United States District Court, D. South Carolina, Columbia Division
F. ANDERSON, JR. CAROLINA UNITED STATES DISTRICT JUDGE.
Jordan (“Plaintiff”), proceeding pro se,
initiated this action against the Internal Revenue Service on
November 6, 2018. (ECF No. 1). Plaintiff filed an Application
to Proceed in District Court without Prepaying Fees or Costs
under 28 U.S.C. § 1915 (“Application”). (ECF
No. 6). In accordance with 28 U.S.C. § 636(b) and Local
Civil Rule 73.02(B)(2)(e) (D.S.C.), this case was referred to
a Magistrate Judge for Review.
Magistrate Judge assigned to this action prepared a
thorough Report and Recommendation (“Report”) and
opines that this Court should deny Plaintiff's
Application. (ECF No. 8). The Report sets forth, in detail,
the relevant facts and standards of law on this matter, and
this Court incorporates those facts and standards without a
recitation. (ECF No. 8). The Magistrate Judge required
Plaintiff to file objections by November 27, 2018 (ECF No.
8), and Plaintiff timely filed her Objections (ECF No. 11).
Plaintiff also filed a motion to amend the complaint (ECF No.
13) and a motion for default judgment against the Internal
Revenue Service. (ECF NO. 14). Accordingly, the Complaint is
ripe for review.
district court is required to conduct a de novo
review only of the specific portions of the Magistrate
Judge's Report to which objections are made. See
28 U.S.C. § 636(b); Fed.R.Civ.P. 72(b); see also
Carniewski v. W.Va. Bd. of Prob. & Parole, 974 F.2d
1330 (4th Cir. 1992). In the absence of specific objections
to portions of the Magistrate Judge's Report, this Court
is not required to give an explanation for adopting the
Report. See Camby v. Davis, 718 F.2d 198, 199 (4th
Cir. 1983). Thus, the Court must only review those portions
of the Report to which Plaintiff has made specific written
objections. Diamond v. Colonial Life & Acc. Ins.
Co., 416 F.3d 310, 316 (4th Cir. 2005).
objection is specific if it ‘enables the district judge
to focus attention on those issues- factual and legal-that
are at the heart of the parties' dispute.'”
Dunlap v. TM Trucking of the Carolinas, LLC, No.
0:15-cv-04009-JMC, 2017 WL 6345402, at *5 n.6 (D.S.C. Dec.
12, 2017) (citing One Parcel of Real Prop. Known as 2121
E. 30th St., 73 F.3d 1057, 1059 (10th Cir. 1996)). A
specific objection to the Magistrate Judge's Report thus
requires more than a reassertion of arguments from the
Complaint or a mere citation to legal authorities. See
Workman v. Perry, No. 6:17-cv-00765-RBH, 2017 WL
4791150, at *1 (D.S.C. Oct. 23, 2017). A specific objection
must “direct the court to a specific error in the
magistrate's proposed findings and
recommendations.” Orpiano v. Johnson, 687 F.2d
44, 47 (4th Cir. 1982).
stated, nonspecific objections have the same effect as would
a failure to object.” Staley v. Norton, No.
9:07-0288-PMD, 2007 WL 821181, at *1 (D.S.C. Mar. 2, 2007)
(citing Howard v. Sec'y of Health and Human
Servs., 932 F.2d 505, 509 (6th Cir. 1991)). The Court
reviews portions “not objected to-including those
portions to which only ‘general and conclusory'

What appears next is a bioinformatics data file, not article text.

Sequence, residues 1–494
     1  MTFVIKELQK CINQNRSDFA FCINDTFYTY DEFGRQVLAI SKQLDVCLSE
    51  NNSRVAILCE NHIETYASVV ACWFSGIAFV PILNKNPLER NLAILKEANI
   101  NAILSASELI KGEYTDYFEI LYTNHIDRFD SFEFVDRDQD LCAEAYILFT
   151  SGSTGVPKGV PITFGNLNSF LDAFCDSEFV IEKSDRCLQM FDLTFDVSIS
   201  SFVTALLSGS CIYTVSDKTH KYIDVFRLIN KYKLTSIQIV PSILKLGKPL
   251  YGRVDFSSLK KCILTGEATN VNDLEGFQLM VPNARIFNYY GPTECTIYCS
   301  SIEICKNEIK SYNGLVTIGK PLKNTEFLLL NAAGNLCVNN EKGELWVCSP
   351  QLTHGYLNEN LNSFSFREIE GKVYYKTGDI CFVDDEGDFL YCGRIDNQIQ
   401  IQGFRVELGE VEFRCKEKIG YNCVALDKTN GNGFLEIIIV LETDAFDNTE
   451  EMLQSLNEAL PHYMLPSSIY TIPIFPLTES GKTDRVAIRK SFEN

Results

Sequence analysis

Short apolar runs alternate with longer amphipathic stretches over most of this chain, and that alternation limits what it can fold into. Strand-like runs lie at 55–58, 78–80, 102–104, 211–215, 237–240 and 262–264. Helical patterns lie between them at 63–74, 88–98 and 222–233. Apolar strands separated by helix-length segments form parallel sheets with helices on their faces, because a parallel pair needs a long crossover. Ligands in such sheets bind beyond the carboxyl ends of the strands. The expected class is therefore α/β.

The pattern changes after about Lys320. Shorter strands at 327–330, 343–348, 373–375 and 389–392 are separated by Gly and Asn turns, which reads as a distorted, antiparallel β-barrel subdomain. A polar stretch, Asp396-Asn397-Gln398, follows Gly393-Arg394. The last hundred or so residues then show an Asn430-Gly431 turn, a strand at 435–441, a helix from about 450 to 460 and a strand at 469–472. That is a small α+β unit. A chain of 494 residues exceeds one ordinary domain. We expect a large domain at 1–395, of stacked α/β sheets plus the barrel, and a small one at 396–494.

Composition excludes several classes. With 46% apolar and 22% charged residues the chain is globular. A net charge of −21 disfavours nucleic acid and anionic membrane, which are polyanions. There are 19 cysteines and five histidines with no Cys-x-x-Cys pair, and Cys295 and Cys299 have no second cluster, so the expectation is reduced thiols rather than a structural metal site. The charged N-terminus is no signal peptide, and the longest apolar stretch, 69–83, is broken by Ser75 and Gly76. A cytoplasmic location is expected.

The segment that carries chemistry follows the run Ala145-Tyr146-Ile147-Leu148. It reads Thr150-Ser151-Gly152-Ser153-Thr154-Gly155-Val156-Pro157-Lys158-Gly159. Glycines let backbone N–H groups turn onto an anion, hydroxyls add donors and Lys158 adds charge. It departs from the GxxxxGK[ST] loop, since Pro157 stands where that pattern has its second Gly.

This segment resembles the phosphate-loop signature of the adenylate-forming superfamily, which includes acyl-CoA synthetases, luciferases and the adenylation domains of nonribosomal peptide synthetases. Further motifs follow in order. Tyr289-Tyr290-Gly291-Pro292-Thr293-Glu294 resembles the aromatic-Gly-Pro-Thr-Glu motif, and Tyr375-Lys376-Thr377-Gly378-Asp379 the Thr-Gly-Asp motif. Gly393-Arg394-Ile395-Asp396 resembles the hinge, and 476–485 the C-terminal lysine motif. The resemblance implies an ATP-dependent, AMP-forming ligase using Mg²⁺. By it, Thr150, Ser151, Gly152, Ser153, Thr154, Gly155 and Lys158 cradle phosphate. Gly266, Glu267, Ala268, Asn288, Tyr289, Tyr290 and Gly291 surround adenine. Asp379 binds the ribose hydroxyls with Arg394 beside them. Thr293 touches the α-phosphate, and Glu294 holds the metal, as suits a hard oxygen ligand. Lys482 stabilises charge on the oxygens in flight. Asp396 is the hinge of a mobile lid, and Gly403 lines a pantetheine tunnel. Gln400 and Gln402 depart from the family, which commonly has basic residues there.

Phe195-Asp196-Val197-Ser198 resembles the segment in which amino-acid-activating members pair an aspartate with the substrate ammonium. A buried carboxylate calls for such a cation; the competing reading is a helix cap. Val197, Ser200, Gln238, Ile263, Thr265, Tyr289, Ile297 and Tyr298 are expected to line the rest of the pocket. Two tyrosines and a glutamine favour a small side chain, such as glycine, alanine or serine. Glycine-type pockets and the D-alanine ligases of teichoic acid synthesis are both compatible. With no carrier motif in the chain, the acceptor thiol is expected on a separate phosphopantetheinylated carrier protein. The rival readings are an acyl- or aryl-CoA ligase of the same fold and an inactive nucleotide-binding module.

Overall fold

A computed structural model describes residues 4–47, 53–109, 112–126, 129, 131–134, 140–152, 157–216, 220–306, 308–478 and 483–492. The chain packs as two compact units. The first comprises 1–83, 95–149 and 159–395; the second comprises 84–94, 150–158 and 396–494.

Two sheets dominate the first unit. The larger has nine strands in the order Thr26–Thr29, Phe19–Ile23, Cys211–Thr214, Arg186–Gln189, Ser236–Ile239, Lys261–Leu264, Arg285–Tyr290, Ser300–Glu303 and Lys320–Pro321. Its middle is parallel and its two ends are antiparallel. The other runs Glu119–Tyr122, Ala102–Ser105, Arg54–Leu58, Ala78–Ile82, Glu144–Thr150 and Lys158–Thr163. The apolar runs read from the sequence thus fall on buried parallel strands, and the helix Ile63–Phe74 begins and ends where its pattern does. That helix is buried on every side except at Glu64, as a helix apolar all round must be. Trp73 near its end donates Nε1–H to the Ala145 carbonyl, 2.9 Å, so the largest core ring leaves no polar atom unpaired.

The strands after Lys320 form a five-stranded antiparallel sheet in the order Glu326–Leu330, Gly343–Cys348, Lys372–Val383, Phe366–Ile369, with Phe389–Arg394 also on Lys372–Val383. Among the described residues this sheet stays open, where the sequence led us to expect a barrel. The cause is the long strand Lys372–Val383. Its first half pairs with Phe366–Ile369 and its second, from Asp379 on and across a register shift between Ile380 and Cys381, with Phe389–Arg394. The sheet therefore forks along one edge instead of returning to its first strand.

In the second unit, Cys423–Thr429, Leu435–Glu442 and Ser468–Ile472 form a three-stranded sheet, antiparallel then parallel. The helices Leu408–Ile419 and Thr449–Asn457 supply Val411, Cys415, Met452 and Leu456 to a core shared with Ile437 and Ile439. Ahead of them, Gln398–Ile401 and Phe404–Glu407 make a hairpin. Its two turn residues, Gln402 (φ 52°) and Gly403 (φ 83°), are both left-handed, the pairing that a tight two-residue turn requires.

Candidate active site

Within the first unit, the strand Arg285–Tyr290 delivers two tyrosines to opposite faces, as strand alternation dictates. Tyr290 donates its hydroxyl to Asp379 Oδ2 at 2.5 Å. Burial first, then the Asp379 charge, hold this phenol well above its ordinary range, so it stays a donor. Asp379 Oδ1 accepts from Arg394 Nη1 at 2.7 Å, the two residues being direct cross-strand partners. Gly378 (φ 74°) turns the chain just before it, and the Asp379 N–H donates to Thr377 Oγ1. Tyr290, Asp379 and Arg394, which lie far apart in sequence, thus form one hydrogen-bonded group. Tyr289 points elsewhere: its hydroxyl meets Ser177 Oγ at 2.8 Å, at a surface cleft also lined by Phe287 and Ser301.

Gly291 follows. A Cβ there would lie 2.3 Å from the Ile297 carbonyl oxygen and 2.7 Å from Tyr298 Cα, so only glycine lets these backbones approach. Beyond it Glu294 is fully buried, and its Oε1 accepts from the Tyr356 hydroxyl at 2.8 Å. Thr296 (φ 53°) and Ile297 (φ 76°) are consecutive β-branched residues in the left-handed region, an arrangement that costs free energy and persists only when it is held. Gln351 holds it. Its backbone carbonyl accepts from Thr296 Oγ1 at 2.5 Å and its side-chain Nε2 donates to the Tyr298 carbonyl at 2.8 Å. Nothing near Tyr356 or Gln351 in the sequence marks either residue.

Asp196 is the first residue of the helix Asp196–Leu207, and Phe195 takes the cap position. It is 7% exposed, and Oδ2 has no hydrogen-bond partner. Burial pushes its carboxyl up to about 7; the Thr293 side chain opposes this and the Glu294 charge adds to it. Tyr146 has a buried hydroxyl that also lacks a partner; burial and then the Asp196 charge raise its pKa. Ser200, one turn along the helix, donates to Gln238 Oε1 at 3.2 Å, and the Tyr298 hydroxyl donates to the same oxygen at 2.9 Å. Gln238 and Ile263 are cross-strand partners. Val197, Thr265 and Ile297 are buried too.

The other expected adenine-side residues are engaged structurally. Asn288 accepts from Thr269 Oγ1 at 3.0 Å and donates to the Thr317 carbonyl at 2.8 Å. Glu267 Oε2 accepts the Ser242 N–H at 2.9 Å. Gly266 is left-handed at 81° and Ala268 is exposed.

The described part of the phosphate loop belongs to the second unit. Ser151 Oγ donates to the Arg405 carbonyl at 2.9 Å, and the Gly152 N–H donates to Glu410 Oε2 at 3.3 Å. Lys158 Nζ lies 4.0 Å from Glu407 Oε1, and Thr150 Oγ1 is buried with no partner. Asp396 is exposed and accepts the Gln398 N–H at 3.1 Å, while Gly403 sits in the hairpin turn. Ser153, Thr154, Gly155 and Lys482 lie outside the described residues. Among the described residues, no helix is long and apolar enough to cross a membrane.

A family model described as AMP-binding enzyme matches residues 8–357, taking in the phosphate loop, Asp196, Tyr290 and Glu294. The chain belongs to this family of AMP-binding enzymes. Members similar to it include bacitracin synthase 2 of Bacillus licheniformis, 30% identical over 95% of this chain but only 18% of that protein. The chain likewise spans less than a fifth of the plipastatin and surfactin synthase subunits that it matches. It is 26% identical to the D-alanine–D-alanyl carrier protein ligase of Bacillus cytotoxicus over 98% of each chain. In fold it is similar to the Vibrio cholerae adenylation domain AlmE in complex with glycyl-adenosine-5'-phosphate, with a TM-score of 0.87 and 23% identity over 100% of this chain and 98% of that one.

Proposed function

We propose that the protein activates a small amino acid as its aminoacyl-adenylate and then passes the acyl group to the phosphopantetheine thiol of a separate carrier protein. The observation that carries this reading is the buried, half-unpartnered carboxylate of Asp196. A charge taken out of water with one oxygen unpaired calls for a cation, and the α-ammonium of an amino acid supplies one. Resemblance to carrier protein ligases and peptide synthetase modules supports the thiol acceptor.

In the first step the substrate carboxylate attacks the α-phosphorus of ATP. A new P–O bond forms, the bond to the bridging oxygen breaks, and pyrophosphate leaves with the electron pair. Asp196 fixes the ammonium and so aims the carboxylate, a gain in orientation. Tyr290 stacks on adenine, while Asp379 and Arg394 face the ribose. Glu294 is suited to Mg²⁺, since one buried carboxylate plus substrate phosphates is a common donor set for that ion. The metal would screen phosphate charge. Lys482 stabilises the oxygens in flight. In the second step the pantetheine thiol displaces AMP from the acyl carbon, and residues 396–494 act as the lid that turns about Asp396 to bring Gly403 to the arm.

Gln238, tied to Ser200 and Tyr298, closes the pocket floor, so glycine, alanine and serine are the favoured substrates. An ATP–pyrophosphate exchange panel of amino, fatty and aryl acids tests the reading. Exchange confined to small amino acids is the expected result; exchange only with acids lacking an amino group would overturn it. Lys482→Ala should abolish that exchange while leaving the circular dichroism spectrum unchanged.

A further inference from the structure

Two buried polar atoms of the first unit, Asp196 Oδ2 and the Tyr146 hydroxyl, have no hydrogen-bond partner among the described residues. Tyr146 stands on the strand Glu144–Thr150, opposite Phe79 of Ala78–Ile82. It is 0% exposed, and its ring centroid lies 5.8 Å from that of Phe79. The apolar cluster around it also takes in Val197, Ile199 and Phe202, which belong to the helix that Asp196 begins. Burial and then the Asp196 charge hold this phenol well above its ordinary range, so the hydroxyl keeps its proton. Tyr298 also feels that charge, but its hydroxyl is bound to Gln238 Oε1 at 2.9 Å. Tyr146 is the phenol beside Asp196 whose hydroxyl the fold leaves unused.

objections have been made-for clear error.”
Id. (emphasis added) (citing Diamond, 416
F.3d at 315; Camby, 718 F.2d at 200;
Orpiano, 687 F.2d at 47).
an objection is “nonspecific, unrelated to the
dispositive portions of the Magistrate Judge's Report and
Recommendation, or merely restate[s] . . . claims, ”
the Court need not conduct any further review of that
objection. Field v. McMaster, 663 F.Supp.2d 449, 452
(D.S.C. 2009); see also McNeil v. S.C. Dept. of
Corrections, No. 5:12-2880-MGL, 2013 WL 1102881, at *1
(D.S.C. Mar. 15, 2013) (finding petitioner's objections
to be without merit where the objections were
“non-specific, unrelated to the dispositive portions of
the Magistrate Judge's Report, and consist[ed] of a
reassertion of the arguments” made in the petition);
Arbogast v. Spartanburg Cty., No.
07:11-cv-00198-GRA, 2011 WL 5827635, at *2 (D.S.C. Nov. 17,
2011) (finding that plaintiff's objections were not
specific where the objections were “general and
conclusory in that they merely reassert[ed] that his
conviction was wrongful.”).
or denials of applications to proceed in forma
pauperis are left to the discretion of federal district
courts. See Dillard v. Liberty Loan Corp., 626 F.2d
363, 364 (4th Cir. 1980). A litigant is not required to show
she is completely destitute in order to qualify as an
indigent within the meaning of 28 U.S.C. § 1915(a).
Adkins v. E.I. Du Pont de Nemours & Co., 335
U.S. 331, 339-40 (1948). However, the “privilege to
proceed without posting security for costs and fees is
reserved to the many truly impoverished litigants who . . .
would remain without legal remedy if such privilege were not
afforded to them.” Brewster v. North Am. Van Lines,
Inc., 461 F.2d 649, 651 (7th Cir. 1972). In Carter
v. Telectron, Incorporated, the court enunciated three
legal tests used to determine whether a person should proceed
in forma pauperis under 28 U.S.C. § 1915:
(1) Is the litigant barred from the federal courts by the
reason of her “impecunity”?
(2) Is her access to the courts blocked by the imposition of
an undue hardship?
(3) Is the litigant forced to contribute her last dollar, or
render herself destitute, to prosecute her claim?
Carter v. Telectron, Inc., 452 F.Supp. 939, 943
(S.D. Tex. 1976); see also Murray v. Gossett, C/A
No. 3:13-2552-CMC-SVH, 2013 WL 5670907, at *2 (D.S.C. Oct.
17, 2013) (adopting and ...